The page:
Punting: A. It was another masterful job by Steven Clark and the Auburn punt team. This was a weird game for me, watching punts. Sitting high in the corner of the end zone Clark was kicking to, it looked like to me that most of his punts went straight up, and were usually in danger of hitting the lights. More than once I exclaimed, “oh, no!” and prepared to lament a bad punt. Clark averaged 40 yards a punt, and all three were downed inside the ten. Bravo!
Punt Returns: A. Missouri’s Christian Brinser had a great leg on the day, hitting 5 punts for 45 yards. However, Auburn’s return team negated much of that advantage. Chris Davis broke two of the long punts for 36 yards, and negated the roll on two others with fair catches. Brinser ended up with no punts killed inside the Auburn 20.
Kick Returns: B-. Auburn only had two opportunities here, as Missouri’s plan was mostly to boom ‘em out of the end zone. Auburn’s 14 yard per return average looks bad on paper, but one was a sky-kick effort just before halftime that Nosa Eguae fielded, battled upfield for 7 yards, and gave Auburn good field position at the 27. Corey Grant fielded the other one at the goal line, and made the 21.
Place-kicking: A+. Cody Parkey did miss a 54-yard attempt, that would have been a career-long. However, I can’t count off for that, as it was a coaching miscue to even attempt it. It was 4th and 5, and I felt like Auburn should have either gone for it, or punted, especially considering how expertly Steven Clark has punted lately. Jermaine Whitehead kept Auburn from yielding points off the mistake with an interception subsequently. Otherwise, Parkey was perfect on the day, including a career-long 52 yarder. He hit 8 of 9 kickoffs for touchbacks, and the one that wasn’t got stopped at the 14 yard line. Parkey also recovered his onside kick attempt.
Offensive Line: A+. Three different Auburn linemen received holding penalties in this one, and ordinarily I’d be docking some points. However, I saw numerous plays on both side where blatant tackles were made on defensive players, and I’ll confess that I suspect the SEC just goes by a quota system and randomly calls holds. On a team that rushed the ball for 565 yards in a championship game, against the number 2 rushing defense in the conference, I can’t give less than an A+. Strategically, Missouri actually seemed to be retreating late in the game. Whipped up front, they were going with a 3 man line, hoping to somehow avoid Auburn’s blocking up front and slow Auburn rushers down. That was a sure sign of desperation, at that point.
Running Backs: A+. No fumbles, no penalties, good blocking, 407 rushing yards, and 6 touchdowns… I don’t know what more anyone could possibly want out of their backfield. Jay Prosch was a monster, and he was joined by a heavy dose of Brandon Fulse lining up as an H-back in this game and blocking pretty well, too. Welcome back, Mr. Fulse! You’ve been missed! I don’t know if FSU’s quarterback can be denied the Heisman, but I think Tre Mason’s a clear #2, at this point. What an awesome, fantastic game, and SEASON, from Tre Mason!
Receivers: A. Auburn’s crew here in the Georgia Dome was looking to put a hat on a hat, in this game, and they did. Sammie Coates burned ‘em several times downfield, and Ricardo Louis had a good day on speed sweeps. Trovon Reed has largely been used as an unsung blocker this season, but he came up with a great catch in this one when he was called on. There were no dropped balls, in this game.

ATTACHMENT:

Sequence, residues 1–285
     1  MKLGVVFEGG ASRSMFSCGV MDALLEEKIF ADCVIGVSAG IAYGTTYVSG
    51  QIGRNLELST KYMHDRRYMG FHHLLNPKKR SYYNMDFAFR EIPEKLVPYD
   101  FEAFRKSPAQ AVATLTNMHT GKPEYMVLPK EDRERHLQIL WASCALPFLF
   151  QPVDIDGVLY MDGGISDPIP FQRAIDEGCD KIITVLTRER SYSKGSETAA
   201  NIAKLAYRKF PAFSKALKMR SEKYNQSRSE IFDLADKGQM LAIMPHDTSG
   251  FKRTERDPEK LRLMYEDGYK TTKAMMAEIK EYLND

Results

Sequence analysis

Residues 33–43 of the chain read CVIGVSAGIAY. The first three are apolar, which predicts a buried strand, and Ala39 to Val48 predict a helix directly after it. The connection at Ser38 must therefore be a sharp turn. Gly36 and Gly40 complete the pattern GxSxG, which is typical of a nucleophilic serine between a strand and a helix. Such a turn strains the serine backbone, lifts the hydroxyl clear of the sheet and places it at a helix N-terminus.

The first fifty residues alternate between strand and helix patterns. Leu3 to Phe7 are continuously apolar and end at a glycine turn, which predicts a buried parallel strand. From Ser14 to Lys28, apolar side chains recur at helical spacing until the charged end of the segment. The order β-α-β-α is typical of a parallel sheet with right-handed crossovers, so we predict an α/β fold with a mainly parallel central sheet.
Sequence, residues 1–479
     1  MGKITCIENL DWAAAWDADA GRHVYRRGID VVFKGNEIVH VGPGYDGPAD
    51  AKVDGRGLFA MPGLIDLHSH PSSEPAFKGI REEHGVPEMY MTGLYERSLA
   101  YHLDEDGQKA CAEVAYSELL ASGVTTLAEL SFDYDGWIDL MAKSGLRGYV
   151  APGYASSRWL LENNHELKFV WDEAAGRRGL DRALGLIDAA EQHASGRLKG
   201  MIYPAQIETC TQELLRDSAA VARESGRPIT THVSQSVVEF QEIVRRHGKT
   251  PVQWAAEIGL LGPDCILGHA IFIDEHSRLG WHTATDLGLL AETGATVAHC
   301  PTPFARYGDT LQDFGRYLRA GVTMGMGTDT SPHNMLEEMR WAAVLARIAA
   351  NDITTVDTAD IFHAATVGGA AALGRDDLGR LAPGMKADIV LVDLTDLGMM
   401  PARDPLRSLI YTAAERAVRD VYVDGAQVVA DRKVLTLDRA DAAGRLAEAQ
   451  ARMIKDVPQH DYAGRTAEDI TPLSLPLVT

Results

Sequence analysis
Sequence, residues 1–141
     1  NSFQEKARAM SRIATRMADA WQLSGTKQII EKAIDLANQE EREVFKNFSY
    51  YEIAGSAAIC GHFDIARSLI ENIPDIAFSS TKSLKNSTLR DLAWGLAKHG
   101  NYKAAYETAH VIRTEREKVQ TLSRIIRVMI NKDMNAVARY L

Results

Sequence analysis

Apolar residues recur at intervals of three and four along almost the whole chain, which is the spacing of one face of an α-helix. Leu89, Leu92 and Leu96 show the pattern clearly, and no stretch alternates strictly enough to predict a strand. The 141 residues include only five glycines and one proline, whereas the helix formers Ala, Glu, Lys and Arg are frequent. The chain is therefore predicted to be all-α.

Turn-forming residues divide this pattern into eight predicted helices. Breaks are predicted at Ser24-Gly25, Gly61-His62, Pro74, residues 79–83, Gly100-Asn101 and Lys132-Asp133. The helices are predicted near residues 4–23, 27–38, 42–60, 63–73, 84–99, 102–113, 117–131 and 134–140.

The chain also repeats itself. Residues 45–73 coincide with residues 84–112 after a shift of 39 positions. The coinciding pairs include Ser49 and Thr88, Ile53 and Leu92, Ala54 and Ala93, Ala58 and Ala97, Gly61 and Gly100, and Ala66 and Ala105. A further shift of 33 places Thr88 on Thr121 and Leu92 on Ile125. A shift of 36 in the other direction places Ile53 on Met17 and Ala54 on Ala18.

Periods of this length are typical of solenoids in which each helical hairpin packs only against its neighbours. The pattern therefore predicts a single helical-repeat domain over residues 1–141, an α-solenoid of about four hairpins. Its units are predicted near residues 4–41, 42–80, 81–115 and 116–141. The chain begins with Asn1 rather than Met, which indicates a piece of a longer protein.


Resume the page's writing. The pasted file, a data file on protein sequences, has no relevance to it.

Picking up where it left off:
Quarterback: B+. I counted off a letter grade for three first half fumbles, one of which was returned for a score. That could have been a back-breaker in any game. However, Nick Marshall recovered from his mistakes, and played championship ball. We’ll still hear the critics saying that he’s a defensive back that can’t pass, I’m sure. I’d like to point out that Nick was 9 of 11 in this game for a gaudy 12 yards per pass. And that was against a division champion. He also added 101 rushing yards for good measure. What’s not necessarily measurable in the published stats is how deceptive he is with his ball movement, and how well he reads the defense on the option plays. I’ll echo what most Auburn fans believe here, we’re quite lucky to have him. I can’t wait to see how he does, going forward. He’s a phenomenal player.
Hail to the SEC Champions! We’re headed to Pasadena to play for the national title, for the second time in the past four seasons! Does it get any better? These Auburn football players have made quite the journey in the past 365 days. From a team that was pitied by Alabama this time last year, and was gifted with only a 7 touchdown loss in the Iron Bowl, to the SEC Champions and BCS National Championship participant in just a year? I think it’s unprecedented. Auburn has already tied the NCAA record for biggest improvement, and can break it over FSU’s head on January 6th!
The future is bright for this team, even beyond this season. We’ve got a fantastic head coach signed on for a while, and I’d figure most of Auburn’s talented assistants aren’t going anywhere, unless it’s to a plum head-coaching job in the FBS. Auburn will lose some valued seniors to graduation, and probably a junior or two by the time it’s over this winter. That happens on any good team in the NCAA. This team has a ton of young guys that are improving by leaps and bounds returning.
From worst, to first, in a single season. The team that overwhelmed Missouri in Atlanta is a far cry from even the team that held on against Dread Pirate Mike Leach’s Washington State team on Labor Day weekend, much less last year’s team. Persistence is the key to improvement, as this team has learned. I would not be surprised to find them drastically improved in January, after what I’ve seen this season. Experts, pick against Auburn at your peril. We welcome it.
War Eagle! SEC Champions! There’s so much to be thankful for this weekend. Most of all, I have to hand it to a group of young men who suffered through abject failure last season, and picked up the pieces. Coaches or not, these young men did it. I have no doubt whatsoever that we’ll look back decades in the future at this team, with all of these guys being celebrated as successes in life.
I’d also like to hand it to the Auburn fans who stayed true through our darkest year since color television. Auburn fans never abandoned ship. The Georgia Dome was rocking, Saturday, and it was the 70 percent blue and orange clad bunch who never gave in, and celebrated another championship. It’s great to be an Auburn Tiger!